25. ^ Jerome, Lucy Baker (January 1905). "Business women of California". Overland Monthly and Out West Magazine. XLV: 61. Retrieved September 15, 2018.
  26. ^ a b c "Theodosia Burr Shepherd". Ventura County Library. November 22, 2013. Retrieved September 14, 2018.
  27. ^ "Florist and Gardener: Women as florists". Pacific Rural Press. 49 (19): 295. May 11, 1895. Retrieved September 14, 2018.
  28. ^ Shinn, Charles Howard (October 2, 1895). "Glimpses of Ventura gardens". Garden and Forest: A Journal of Horticulture, Landscape Art and Forestry. 8: 399. Retrieved September 15, 2018.
  29. ^ Hershey, David R. (1992). "Notable Women in the History of Horticulture" (PDF). HortTechnology. 2 (2). Retrieved September 14, 2018.
  30. ^ "Mother's Day celebration for "Mother of Flowers: Theodosia Burr Shepherd"". Art Predator. May 10, 2014. Retrieved September 14, 2018.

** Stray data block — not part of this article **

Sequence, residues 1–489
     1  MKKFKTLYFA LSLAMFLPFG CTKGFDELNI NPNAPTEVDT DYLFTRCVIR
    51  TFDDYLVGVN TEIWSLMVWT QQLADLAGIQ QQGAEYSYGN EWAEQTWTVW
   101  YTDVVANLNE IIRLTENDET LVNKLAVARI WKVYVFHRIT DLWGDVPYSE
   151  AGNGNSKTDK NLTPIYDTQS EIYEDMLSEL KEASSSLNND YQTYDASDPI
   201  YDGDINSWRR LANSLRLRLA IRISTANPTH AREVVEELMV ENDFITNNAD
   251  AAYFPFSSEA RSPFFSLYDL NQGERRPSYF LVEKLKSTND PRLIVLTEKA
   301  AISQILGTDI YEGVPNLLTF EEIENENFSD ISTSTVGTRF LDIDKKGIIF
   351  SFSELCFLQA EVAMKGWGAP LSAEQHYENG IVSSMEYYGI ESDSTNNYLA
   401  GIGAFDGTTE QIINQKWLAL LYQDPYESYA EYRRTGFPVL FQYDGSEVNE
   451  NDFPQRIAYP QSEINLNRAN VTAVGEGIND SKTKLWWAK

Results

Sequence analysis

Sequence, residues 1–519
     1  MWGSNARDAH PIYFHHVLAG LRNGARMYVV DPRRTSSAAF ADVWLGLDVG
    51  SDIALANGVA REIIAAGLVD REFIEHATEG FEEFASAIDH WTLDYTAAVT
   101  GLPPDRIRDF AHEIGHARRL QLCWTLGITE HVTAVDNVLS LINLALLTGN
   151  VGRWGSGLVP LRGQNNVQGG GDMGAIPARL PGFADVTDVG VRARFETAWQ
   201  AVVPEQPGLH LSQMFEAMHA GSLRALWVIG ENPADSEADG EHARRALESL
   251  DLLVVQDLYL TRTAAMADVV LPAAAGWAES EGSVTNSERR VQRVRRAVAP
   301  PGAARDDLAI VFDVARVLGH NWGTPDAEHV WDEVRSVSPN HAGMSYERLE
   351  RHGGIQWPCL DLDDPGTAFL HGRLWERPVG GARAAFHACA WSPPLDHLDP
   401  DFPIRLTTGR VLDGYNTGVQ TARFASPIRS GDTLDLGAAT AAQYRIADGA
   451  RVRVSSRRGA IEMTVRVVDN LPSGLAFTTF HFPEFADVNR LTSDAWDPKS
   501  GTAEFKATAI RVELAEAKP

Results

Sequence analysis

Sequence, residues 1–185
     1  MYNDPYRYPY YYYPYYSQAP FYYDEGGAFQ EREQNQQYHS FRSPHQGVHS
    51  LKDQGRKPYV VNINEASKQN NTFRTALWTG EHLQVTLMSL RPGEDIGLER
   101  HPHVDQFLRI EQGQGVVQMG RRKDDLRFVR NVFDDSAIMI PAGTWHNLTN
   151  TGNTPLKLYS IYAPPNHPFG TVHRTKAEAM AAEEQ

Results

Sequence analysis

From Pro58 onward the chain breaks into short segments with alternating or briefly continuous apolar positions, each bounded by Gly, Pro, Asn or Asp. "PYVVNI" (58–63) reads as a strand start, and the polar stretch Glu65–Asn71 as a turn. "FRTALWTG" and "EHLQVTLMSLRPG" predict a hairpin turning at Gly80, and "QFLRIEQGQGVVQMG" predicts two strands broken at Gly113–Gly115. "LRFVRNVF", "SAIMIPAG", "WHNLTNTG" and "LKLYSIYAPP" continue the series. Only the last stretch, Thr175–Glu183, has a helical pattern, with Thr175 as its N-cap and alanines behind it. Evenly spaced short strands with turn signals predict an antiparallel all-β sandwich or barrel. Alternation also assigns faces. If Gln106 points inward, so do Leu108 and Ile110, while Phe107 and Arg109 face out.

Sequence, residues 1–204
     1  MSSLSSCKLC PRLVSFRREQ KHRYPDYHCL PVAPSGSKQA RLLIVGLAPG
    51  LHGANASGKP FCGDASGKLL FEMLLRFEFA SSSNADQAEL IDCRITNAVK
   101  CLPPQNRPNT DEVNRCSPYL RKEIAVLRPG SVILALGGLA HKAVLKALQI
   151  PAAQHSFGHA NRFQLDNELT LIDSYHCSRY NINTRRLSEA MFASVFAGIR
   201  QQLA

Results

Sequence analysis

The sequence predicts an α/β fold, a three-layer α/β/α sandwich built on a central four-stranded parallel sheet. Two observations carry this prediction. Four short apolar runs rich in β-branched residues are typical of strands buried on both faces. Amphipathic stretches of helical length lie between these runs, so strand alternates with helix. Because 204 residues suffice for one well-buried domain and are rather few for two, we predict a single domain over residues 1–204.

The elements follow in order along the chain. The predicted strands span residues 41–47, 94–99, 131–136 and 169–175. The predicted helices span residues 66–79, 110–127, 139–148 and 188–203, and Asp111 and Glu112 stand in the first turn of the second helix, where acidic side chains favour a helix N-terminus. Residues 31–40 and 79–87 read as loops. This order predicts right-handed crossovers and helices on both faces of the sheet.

31. ^ "DEATH CALLS FAMOUS FLORIST Mrs. Theodosia B. Shepherd Passes Away. WAS KNOWN AS 'THE BURBANK OF THE SOUTH" Originated a Celebrated Flower Garden in Ventura, and Put Forth a N umber of Imported Plants—Her Death a National Loss". Morning Press. September 7, 1906. Retrieved September 15, 2018.
  32. ^ "A self-seeding double petunia". Journal of Heredity. 2 (4): 316. 1911. doi:10.1093/oxfordjournals.jhered.a104616. Retrieved September 14, 2018.
  33. ^ Taylor, Judith (July 2009). "The Begonia in California, Part 2: The Begoniacs". Pacific Horticulture. Retrieved September 14, 2018.
  34. ^ Taylor, Judith M. (December 1, 2014). Visions of loveliness : great flower breeders of the past. Swallow Press. ISBN 978-0804011570. Retrieved September 14, 2018.
  35. ^ "CITY OF SAN BUENAVENTURA HISTORIC LANDMARKS & DISTRICTS". City of Ventura. May 3, 2016. Retrieved September 14, 2018.
  36. ^ Forman, Jill (September 27, 2017). "The G.I.F.T. Garden in Ventura". Ventura Breeze. Retrieved September 15, 2018.
  37. ^ "Photographs of Theodosia Burr Shepherd [graphic]". Online Archive of California. California Digital Library. Retrieved September 10, 2018.